The major waterways in Region Nine have started to overtop and residents of several communities across the region have been leaving their homes to seek higher ground as they fear a repeat of last year’s devastating floods.
According to reports from the region yesterday, the water from the highlands coupled with the overtopping of the main waterways, including the Tabatinga and Moco Moco creeks and the Takutu River, over the past 48 hours are responsible for the flooding.
As a result, as water covered sections of the region, residents moved from the low-lying areas to higher ground. The region’s Disaster Preparedness Committee was activated yesterday in light of the rising floodwaters.
While attempts to reach Regional Chairman Wilson Larantino have been futile over the past week, Regional Councillor Carl Parker told Stabroek News last evening that several areas within Lethem have been under as much as two feet of water. As a result of the situation, he said residents have been moving their furniture and other valuables to higher ground. He said that a resident of the Tabatinga Drive area, Lorraine Thomas and her two children, ages 6 and 14, have already abandoned their home and they are currently staying at the Christian Brethren Church in Central Lethem, which was converted into a shelter yesterday.
A resident told Stabroek News yesterday that while Lethem had not experienced rainfall within the past three days, the water level was rising every two hours yesterday. ”We the residents of this area will not be waiting on them (government)… we will start our own relocation process or what have you because we can’t really do anything about the water,” the man said.
He added that residents of the neighbouring community of St Ignatius have also been on edge as the water in that community was rising throughout the day.
There were also reports yesterday that several roadways in the South Rupununi, including the road passing through the community of Jackaray, were inundated. Sections of the Georgetown/ Lethem trail, located in the North Rupununi in the savannah lands, have also been covered by water, which is said to be running down from the mountainous sections of the region.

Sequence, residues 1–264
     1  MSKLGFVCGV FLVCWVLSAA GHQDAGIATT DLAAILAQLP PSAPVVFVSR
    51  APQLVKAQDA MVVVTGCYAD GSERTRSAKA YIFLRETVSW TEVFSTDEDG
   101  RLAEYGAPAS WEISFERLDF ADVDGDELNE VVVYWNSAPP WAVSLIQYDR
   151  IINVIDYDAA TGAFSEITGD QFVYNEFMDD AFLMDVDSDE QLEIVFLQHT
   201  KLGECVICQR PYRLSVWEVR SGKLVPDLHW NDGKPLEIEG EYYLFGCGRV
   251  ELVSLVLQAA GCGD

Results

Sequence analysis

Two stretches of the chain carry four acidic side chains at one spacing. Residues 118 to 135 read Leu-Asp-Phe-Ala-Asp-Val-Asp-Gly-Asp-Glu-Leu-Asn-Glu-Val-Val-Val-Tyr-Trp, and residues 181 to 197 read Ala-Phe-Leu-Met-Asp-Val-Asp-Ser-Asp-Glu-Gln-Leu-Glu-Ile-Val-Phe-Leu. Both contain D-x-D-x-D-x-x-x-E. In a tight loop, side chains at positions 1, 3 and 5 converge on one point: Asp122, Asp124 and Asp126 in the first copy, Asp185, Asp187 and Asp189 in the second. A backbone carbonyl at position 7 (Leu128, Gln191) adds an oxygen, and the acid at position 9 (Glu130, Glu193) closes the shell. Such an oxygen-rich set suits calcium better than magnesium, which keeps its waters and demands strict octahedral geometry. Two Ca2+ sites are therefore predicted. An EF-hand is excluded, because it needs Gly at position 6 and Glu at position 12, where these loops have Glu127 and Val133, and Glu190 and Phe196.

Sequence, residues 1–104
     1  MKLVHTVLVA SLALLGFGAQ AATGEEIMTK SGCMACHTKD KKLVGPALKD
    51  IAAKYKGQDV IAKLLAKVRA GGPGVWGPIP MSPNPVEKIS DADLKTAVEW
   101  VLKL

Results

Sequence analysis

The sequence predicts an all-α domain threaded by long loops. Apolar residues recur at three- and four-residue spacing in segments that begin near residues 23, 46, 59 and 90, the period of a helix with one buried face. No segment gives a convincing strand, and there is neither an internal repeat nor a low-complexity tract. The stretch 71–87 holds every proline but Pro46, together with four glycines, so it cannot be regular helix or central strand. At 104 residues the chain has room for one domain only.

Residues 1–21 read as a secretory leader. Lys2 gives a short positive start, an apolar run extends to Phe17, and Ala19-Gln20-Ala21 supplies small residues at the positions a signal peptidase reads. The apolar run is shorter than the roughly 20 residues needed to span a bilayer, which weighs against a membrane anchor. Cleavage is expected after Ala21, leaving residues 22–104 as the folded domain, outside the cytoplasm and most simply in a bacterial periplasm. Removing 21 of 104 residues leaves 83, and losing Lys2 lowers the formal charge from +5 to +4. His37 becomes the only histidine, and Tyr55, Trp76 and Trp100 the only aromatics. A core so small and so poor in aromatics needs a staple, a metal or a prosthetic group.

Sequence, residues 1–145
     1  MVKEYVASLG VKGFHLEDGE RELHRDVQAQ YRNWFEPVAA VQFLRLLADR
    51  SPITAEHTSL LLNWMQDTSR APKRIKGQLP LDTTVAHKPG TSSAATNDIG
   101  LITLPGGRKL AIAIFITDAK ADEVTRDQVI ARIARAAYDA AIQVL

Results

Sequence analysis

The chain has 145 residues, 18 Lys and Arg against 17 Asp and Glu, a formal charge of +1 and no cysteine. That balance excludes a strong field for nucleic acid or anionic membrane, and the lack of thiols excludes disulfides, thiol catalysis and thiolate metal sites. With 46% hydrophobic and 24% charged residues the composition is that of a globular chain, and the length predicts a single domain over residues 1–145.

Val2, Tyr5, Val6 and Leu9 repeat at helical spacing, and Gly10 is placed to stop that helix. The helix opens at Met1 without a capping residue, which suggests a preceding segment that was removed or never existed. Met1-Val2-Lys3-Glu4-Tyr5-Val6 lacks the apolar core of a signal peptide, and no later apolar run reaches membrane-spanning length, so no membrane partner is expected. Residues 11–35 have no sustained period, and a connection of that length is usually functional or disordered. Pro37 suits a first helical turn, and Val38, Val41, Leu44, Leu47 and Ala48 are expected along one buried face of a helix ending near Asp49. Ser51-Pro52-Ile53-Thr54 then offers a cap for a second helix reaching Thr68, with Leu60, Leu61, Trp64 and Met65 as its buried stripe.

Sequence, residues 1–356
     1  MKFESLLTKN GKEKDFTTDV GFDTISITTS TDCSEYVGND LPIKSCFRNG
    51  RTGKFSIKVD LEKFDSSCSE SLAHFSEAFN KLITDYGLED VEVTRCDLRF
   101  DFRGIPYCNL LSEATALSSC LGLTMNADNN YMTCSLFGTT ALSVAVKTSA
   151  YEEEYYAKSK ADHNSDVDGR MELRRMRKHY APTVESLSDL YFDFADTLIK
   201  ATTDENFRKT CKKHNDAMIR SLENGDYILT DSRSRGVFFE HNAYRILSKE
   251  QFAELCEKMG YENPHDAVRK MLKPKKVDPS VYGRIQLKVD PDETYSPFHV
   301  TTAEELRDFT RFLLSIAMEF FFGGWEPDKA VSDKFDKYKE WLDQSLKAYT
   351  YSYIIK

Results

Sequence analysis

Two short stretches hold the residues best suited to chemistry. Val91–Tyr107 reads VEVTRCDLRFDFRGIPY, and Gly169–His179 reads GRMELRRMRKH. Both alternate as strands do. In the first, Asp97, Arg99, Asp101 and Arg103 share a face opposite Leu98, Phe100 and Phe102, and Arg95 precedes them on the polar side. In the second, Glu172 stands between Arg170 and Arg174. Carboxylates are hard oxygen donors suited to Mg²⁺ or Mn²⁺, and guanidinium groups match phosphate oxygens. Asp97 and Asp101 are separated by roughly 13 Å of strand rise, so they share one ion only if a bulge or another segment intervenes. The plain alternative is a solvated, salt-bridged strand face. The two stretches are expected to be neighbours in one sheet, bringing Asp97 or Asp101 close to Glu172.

Parker noted that since February, he had been calling for the regional administration to establish a permanent disaster preparedness committee, which would have been actively making preparations for any eventualities, such as the flood now taking a toll on the region.
He said that yesterday that the committee was activated and it includes the Guyana Red Cross, the Civil Defence Commission (CDC), the army, police and other regional stakeholders.
Last week, the authorities in the neighbouring Brazilian province of Manaus declared a state of emergency as the communities there experienced the worst flooding in decades. The authorities there also indicated that the floods could have consequences on Region Nine. Reports are that sections of the roadway have washed away.
Last June, Lethem and communities within the region experienced their worst flooding in years and residents had called on the authorities to adequately address the problem, with focus being placed mainly on the relocation of key facilities as well as adequate disaster preparedness plans to prevent a recurrence.
Persons in the region had criticised the authorities over their late response to the disaster as many areas were cut off from the Central Rupununi for days.